On the surface, In Treatment shouldn’t work.
Aside from Gabriel Byrne who plays therapist Dr. Paul Weston, there are few reoccurring characters to attach to; just about every scene takes place in either Weston’s office or the office of his own therapist; and there is very little action, putting all of the pressure on the dialogue. But somehow – and almost exclusively thanks to the brilliant Byrne, as well as the writing – the show works amazingly well.
Season three starts off with Dr. Weston finally settled in Brooklyn, where he moved his practice after breaking off with his wife in Maryland. While dealing with the new changes in his life as well as tremors that he fears may be the beginning stages of Parkinson’s Disease, he starts seeing his own therapist (played by a fantastic Amy Ryan). The season also introduces three new patients: Irrfan Kham playing a Sunil, a recent widower from India whose son and daughter-in-law have brought him to live with them in New York; Debra Winger, playing Frances, an aging Broadway actress; and Dane DeHaan, playing Jesse, a gay, adopted teen who is struggling with whether he should contact his birth parents.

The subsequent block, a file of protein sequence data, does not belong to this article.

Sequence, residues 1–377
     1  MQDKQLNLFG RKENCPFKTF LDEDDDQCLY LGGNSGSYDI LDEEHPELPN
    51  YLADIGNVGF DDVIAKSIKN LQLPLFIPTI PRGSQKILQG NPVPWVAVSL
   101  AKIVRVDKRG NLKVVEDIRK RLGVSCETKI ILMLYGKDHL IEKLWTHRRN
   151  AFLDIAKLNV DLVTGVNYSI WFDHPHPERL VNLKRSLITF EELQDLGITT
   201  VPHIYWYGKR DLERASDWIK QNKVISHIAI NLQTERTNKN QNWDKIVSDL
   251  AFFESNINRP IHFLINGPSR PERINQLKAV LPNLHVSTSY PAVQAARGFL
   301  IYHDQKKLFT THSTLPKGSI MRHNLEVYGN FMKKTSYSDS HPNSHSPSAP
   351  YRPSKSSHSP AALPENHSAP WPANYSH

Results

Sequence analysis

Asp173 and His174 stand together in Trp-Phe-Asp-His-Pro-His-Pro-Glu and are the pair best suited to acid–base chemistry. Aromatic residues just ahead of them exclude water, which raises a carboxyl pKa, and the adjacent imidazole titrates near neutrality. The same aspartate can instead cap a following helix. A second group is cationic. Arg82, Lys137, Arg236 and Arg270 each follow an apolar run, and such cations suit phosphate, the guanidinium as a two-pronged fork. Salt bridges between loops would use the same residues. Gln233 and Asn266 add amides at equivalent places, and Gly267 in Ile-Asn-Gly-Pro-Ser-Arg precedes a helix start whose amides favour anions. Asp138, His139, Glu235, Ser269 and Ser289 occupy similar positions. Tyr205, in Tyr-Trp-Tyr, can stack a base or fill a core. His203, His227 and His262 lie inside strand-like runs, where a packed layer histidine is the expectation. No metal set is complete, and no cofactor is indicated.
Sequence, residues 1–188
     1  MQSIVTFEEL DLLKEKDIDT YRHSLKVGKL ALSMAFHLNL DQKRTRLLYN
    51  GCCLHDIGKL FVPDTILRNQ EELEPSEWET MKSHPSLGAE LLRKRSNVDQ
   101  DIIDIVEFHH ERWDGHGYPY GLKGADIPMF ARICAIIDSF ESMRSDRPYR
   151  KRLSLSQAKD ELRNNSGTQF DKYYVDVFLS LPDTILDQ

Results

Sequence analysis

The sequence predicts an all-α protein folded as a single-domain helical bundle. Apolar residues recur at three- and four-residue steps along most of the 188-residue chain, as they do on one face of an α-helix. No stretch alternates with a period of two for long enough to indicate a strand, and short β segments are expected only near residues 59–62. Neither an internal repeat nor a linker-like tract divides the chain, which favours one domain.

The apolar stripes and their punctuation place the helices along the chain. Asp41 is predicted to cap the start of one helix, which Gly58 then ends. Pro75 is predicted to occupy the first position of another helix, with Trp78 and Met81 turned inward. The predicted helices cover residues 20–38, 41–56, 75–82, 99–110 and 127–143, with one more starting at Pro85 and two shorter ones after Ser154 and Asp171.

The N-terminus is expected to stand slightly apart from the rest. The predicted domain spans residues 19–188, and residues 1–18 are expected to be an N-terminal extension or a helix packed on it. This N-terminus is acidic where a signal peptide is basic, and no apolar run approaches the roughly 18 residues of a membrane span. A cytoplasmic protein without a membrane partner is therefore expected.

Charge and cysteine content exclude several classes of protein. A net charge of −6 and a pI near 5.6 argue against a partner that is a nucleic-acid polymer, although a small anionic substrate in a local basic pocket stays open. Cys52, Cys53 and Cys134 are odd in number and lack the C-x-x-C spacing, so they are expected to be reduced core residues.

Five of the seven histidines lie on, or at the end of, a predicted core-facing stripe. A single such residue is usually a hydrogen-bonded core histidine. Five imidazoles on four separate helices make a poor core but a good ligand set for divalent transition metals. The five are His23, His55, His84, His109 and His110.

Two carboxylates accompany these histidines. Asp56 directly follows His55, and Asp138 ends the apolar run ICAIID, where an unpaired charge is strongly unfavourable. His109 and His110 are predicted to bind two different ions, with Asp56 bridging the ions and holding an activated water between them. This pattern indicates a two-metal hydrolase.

While the story focusing on the Broadway actress grows tedious fairly early on, the other two story lines are among the most compelling of the series to date. Beating the odds, In Treatment manages to be one of the strongest dramas on cable.
In Treatment – Season Three/4 DVDs/840 Mins./HBO/2011